Pour, Tear, Carve: The Possibilities of Wood

Explore how artists in Pour, Tear, Carve: Material Possibilities in the Collection (on view through May 14) use various materials in different ways in their art, and how their choices convey meaning to their work.

Take a look at the works below that incorporate wood and consider:

  • • What connects these objects together? What connects them to you? What connects them to today?
  • • What role does the wood play in evoking a sense of place?

Alfonso Ossorio, Excelsior, 1960, Congregation of glass, bone, wood, shell, and epoxy on panel with velvet-lined frame, 56 x 12 in., The Phillips Collection, The Dreier Fund for Acquisitions, 2008

Alfonso Ossorio, Excelsior, 1960

“The human being is the link between God and the material world. [O]ne of the things I try to do is to infuse into the inanimate a reference back to the whole hierarchy of human experience beginning with the material, using objects instead of just paint.”—Alfonso Ossorio

Seashells, bones, prosthetic glass eyes, marbles, rope, and two halftone reproductions of a young saint or martyr are only a few of the objects that appear in Excelsior. This work is part of the artist’s Congregation series, a term he used to describe how [his materials] “all work together and . . . are unified to a final end, working for one final effect.” Excelsior, both in its title and material, speaks to Ossorio’s memories of his devoutly Catholic upbringing in the Philippines, reignited after a trip back to the country a decade earlier.

William Christenberry, Southern Monument XI, 1983, Wood, sheet metal, metal signs, roofing materials, nails, red soil, and paint, 19 x 28 1/2 x 19 in, The Phillips Collection, Gift of Philip M. Smith, 2004

William Christenberry, Southern Monument XI, 1983

“I feel like I can reach out and touch memory. Somehow it is malleable, you can manipulate it, form it, shape it. It certainly can shape you.”—William Christenberry

Through photography, sculpture, and drawing, William Christenberry explored Southern architecture and its relationship to memory and time. In Southern Monument XI, he places a white punctured sphere atop a house-like steel structure resting on soil that he collected from his hometown in Hale County, Alabama. Unlike the Civil War monuments that memorialize the lives of men who fought to preserve slavery, Christenberry’s abstract structures are forged using found materials to evoke the feeling of a monument. “My pieces have a very narrative or literal quality to them—I won’t deny that. They usually have come from real, existing landscape, but I also make buildings that deal with my childhood memories.”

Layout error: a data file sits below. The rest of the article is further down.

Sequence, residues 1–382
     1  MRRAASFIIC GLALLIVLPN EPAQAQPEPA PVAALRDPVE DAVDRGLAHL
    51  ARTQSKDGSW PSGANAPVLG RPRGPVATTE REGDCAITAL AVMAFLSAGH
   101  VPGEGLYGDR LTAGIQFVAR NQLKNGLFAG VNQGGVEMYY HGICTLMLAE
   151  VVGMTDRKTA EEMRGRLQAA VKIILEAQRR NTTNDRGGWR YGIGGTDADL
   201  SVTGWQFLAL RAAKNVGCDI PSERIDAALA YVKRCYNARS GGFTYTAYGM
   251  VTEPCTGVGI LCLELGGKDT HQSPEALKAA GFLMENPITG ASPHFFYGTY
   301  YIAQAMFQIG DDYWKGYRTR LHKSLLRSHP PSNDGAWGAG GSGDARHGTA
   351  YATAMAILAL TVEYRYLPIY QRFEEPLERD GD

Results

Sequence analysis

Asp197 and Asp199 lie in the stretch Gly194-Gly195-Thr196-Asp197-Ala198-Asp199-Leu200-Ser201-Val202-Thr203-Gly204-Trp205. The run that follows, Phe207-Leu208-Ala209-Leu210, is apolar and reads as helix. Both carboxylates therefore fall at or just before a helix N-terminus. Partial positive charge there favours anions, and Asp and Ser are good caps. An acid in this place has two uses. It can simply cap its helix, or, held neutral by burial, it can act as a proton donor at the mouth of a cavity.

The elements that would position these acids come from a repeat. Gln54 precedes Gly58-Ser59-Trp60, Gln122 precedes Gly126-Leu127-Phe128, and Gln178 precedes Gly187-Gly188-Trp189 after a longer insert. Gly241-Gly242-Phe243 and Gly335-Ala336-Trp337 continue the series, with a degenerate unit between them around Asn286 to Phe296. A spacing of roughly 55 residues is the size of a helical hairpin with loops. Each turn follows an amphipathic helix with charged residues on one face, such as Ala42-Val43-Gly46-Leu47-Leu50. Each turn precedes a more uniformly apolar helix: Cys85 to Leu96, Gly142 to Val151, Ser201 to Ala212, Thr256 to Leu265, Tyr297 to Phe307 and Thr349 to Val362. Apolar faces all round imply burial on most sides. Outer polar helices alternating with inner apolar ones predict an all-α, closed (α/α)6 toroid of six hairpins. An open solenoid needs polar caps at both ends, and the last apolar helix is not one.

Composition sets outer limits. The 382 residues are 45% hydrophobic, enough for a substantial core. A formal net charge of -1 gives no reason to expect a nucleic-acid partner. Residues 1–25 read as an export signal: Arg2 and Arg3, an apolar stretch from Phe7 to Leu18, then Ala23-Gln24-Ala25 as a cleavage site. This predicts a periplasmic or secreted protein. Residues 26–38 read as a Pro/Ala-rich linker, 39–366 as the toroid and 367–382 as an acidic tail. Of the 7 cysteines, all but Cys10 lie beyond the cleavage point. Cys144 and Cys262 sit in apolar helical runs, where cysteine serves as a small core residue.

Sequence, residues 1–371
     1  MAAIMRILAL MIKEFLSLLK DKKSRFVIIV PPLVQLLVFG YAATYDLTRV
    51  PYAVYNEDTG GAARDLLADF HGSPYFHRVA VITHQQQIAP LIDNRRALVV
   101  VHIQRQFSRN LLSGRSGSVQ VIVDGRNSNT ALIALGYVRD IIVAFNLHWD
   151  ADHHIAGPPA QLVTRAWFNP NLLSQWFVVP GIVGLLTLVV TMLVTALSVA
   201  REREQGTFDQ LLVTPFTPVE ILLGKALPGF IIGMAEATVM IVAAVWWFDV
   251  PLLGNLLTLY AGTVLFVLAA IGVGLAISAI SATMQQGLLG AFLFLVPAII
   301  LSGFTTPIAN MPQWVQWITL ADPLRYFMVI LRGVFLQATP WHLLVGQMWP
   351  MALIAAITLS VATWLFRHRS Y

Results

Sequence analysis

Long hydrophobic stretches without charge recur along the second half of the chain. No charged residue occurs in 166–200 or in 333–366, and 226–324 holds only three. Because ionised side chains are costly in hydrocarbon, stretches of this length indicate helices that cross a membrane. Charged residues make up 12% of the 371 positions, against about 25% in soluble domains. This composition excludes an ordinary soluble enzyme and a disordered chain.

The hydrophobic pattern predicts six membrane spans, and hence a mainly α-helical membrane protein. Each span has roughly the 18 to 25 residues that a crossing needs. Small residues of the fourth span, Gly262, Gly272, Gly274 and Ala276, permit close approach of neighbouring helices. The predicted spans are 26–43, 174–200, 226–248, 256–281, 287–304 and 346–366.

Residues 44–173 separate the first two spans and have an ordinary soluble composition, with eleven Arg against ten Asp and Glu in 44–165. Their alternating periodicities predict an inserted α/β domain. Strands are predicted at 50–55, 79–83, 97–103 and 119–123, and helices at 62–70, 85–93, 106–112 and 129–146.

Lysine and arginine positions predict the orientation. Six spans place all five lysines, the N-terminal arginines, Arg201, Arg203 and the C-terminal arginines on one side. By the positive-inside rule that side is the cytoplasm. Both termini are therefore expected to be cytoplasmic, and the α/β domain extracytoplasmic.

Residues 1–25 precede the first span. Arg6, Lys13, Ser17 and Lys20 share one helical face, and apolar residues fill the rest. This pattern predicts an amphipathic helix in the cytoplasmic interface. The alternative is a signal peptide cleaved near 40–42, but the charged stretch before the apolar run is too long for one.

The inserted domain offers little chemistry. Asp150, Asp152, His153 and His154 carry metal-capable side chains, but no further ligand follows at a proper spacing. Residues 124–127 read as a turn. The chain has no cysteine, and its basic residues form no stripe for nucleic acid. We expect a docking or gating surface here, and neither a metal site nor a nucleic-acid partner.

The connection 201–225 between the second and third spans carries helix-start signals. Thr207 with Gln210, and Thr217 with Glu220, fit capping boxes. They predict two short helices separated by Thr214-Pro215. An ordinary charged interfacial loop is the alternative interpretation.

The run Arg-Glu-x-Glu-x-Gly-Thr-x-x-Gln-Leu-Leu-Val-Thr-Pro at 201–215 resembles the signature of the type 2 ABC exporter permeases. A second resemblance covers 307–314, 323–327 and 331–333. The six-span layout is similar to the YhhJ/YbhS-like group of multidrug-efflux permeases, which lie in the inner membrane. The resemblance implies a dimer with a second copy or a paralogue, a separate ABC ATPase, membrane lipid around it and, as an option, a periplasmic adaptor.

Betty Parsons, Long Meg, 1979, Painted wood, 39 x 30 1/4 in., The Phillips Collection, Gift of Marjorie Phillips, 1980

Betty Parsons, Long Meg, 1979

“Basically, the creative thing comes out of an idea and out of feeling . . . . Anybody could learn techniques but not everyone has the idea. And, well, you might as well take advantage of the progress made in materials today.”—Betty Parsons

From her Long Island beachfront home in the 1970s, renowned modern art dealer Betty Parsons began making brightly painted constructions from distressed wood. She said of her materials: “They were pieces of houses or docks or boats or signs. . . . And something happened and they were lost. They were tossed about in the sea for I don’t know how long. And then they wash ashore, broken and changed, and I find them.” Often reflecting on concepts related to natural phenomena, history, and myth, this piece alludes to one of the oldest stone circles in England, dating from between the late Neolithic or early Bronze Age. Some believe it to be a burial ground while others suggest it was a gathering place for trade, rituals, or social exchanges.

But What Is It?

Phillips Educator Carla Freyvogel shares her experiences discussing art…and more…with a group of fifth grade students.

On a school tour with a theme of color, line, and shape, we enter into the gallery showcasing the many works related to the Jefferson Place Gallery. The plan was to look closely at Ben Summerford’s brilliant, tall, still life entitled The Blue Bottle, 1949-51. My lesson plan has us using a visual thinking strategy to look closely at The Blue Bottle, concentrating on the artistic choices made by Summerford.

That is not what my student wanted to discuss at all. Instead, her eyes are drawn to a small assemblage by William Christenberry that hangs on the wall perpendicular to The Blue Bottle.

William Christenberry, Akron Wall, 1987, Sheet metal, metal signs, wood, nails, and paint on wood panel, 9 x 12 3/8 x 1 3/4 in., The Phillips Collection, Gift of Julia J. Norrell in memory of Scotty McIntyre, 2009

“I want to talk about that work of art.” She points to the Christenberry. ‘What IS it?”

“What do you think it is?” I ask.

“It looks like a bunch of junk,” she says definitively. “But, I like it. It is interesting.”

We examine the wall text and learn it is called Akron Wall, was made in 1987, and is constructed of sheet metal, metal signs, wood, nails, and paint on wood panel. I explain that Akron is a city in Ohio. We muse about the title, the choice of objects, and its possible meanings.

“What about the rest of the work?” she asks me.

I looked at her, a bit confused. Akron Wall is very intriguing but it is small and contained. She points to a spot on the wall under Akron Wall. There is a tall, narrow rectangle, delineated by a rough edge, chipped and warped in places. A recessed rectangle marks one side along with a metal handle.

“That part of the art. It looks like it could be a door! I want to know about that. I wonder, what is behind the door?”